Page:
lummi island wine tasting sept 14 ’18

(note: some photos will enlarge when clicked)

Bread Friday this week

Rosemary Olive Oil – made with bread flour and a bit of freshly milled white whole wheat for a little more flavor and texture. Fresh rosemary from the garden and olive oil to make for a nice tender crumb and a nice crisp crust. A great all around bread – $5/loaf

Oatmeal Pan Bread: A new bread to introduce into the rotation. Made with bread flour, fresh milled whole wheat and, of course, oatmeal. Plus a bit of honey. This bread has great flavor and makes perfect toast – $5/loaf

and pastry this week…

Morning Buns! – These have been made popular by Tartine Bakery in San Francisco, I use the same laminated dough as my croissants. The dough is rolled out, spread with a filling of brown sugar, orange zest, butter and cinnamon. Rolled up and sliced before baking. – 2/$5

 

Needle in a Haystack

One challenge of the last few weeks has been to get the Honda 9.9 outboard working on our little sailboat Dreamtime. We confess a broad lack of understanding of modern outboard motors, which seem fickle and moody, prone to random fits of pique today when they were running just fine yesterday.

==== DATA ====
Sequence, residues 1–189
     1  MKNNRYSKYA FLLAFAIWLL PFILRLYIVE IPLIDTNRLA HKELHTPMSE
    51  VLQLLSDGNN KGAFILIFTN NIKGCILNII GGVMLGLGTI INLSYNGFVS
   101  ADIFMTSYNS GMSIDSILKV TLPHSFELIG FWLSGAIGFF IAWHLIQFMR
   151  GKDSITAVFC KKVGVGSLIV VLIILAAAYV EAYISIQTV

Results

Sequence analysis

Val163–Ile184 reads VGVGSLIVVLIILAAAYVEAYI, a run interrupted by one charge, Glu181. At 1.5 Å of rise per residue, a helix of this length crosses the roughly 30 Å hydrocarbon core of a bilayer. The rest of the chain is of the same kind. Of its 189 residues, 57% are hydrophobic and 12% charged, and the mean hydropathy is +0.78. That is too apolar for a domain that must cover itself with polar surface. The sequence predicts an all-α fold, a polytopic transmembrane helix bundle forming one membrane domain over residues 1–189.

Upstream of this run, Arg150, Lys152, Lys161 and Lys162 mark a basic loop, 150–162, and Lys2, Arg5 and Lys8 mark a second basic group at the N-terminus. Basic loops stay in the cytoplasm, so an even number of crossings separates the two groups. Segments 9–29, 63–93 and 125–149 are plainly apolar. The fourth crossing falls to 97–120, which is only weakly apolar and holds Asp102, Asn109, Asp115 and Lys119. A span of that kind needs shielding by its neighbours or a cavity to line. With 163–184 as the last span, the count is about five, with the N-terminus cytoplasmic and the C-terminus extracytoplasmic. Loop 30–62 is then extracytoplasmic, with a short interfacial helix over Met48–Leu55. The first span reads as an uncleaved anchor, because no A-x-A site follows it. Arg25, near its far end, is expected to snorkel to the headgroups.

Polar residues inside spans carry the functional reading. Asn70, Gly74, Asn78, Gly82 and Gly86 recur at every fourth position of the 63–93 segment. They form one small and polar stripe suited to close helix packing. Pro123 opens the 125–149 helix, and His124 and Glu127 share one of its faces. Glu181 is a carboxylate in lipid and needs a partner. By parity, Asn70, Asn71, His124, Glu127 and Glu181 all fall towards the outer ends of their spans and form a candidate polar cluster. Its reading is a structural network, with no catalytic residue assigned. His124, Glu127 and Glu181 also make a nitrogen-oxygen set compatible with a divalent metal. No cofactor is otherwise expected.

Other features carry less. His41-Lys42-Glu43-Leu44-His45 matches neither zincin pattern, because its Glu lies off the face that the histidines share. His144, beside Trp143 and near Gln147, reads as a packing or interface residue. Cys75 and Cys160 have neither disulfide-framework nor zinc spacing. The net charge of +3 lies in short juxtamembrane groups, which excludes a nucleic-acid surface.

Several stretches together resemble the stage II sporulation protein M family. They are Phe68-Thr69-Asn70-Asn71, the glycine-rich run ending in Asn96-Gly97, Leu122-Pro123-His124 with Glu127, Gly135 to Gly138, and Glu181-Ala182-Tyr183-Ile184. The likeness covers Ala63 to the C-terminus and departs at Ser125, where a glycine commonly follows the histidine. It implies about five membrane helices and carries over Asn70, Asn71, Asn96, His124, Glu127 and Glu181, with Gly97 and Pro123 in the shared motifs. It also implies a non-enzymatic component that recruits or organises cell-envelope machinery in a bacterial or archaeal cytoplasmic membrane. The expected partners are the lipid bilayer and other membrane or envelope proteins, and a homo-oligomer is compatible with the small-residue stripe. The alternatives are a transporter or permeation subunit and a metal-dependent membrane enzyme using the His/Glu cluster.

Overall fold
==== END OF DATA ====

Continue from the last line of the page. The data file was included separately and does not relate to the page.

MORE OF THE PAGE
Most of our marine engine experience for the last few decades has involved diesel engines, which, despite their many idiosyncracies, tend to run as requested despite their mood of the moment.

So it is that for the last several weeks we have been in a little dance with our outboard, trying to sort out why, after showing a willingness to start, it preferred to run with the choke engaged and with too high an rpm to allow easy shifting. Therefore it felt like the end of a long journey today finally to find and successfully adjust the idle adjustment screw that had been eluding us.

In the photo at left, in bottom center, there is visible a silvery bolt. At the right end of the bolt there is a dark opening. Inside the opening is located the idle adjustment screw. Because of the recess, the screw is not visible except from the left side at eye level. From above or forward the screw is not visible at all, which is to say, it is not visible from the boat it is mounted on. So it is with a great sense of aha! satisfaction today to have found and adjusted the previously invisible idle adjustment screw, the result of a fortuitous accident of having taken this photo that revealed it. Mystery solved…you know, for the moment…!

 

Pasanau

In the classic film “Sideways,” there is a scene where our male anti-hero asks our female heroine (as I see it) what was The Wine that did it for her, i.e., made her Love Good Wine. And frankly, I don’t remember what she said. What is important here is that the phrase “did it for you” roughly translates into, OMD, I never knew Wine Could Taste This Good! With the implication, of course, that Life would be Changed Forever from this experience, something between Transcendence and Addiction.

For us, it was a Frog’s Leap Cabernet Sauvignon, probably around a 2000 vintage, which Pat’s son Donald offered as an antidote for my futile quest to find the perfect $7 wine. Bear in mind this was around 2004, when dollars bought a lot more, and that this wine at the time was about $40, Way out of our experience or comfort zone. I remember wanting to be able to inhale more deeply because the aroma was So Seductive. Life has not been the same since.